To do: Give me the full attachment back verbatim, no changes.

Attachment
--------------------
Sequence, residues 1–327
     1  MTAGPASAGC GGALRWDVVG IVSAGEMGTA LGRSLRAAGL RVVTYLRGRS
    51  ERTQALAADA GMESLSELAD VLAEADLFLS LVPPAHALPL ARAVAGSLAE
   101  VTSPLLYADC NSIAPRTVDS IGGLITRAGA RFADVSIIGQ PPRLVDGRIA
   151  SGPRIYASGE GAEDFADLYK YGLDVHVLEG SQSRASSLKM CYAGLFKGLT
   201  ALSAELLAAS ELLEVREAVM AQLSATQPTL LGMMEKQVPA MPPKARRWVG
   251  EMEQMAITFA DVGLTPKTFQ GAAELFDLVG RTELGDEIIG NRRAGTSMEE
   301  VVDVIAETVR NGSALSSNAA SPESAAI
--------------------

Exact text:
Sequence, residues 1–327
     1  MTAGPASAGC GGALRWDVVG IVSAGEMGTA LGRSLRAAGL RVVTYLRGRS
    51  ERTQALAADA GMESLSELAD VLAEADLFLS LVPPAHALPL ARAVAGSLAE
   101  VTSPLLYADC NSIAPRTVDS IGGLITRAGA RFADVSIIGQ PPRLVDGRIA
   151  SGPRIYASGE GAEDFADLYK YGLDVHVLEG SQSRASSLKM CYAGLFKGLT
   201  ALSAELLAAS ELLEVREAVM AQLSATQPTL LGMMEKQVPA MPPKARRWVG
   251  EMEQMAITFA DVGLTPKTFQ GAAELFDLVG RTELGDEIIG NRRAGTSMEE
   301  VVDVIAETVR NGSALSSNAA SPESAAI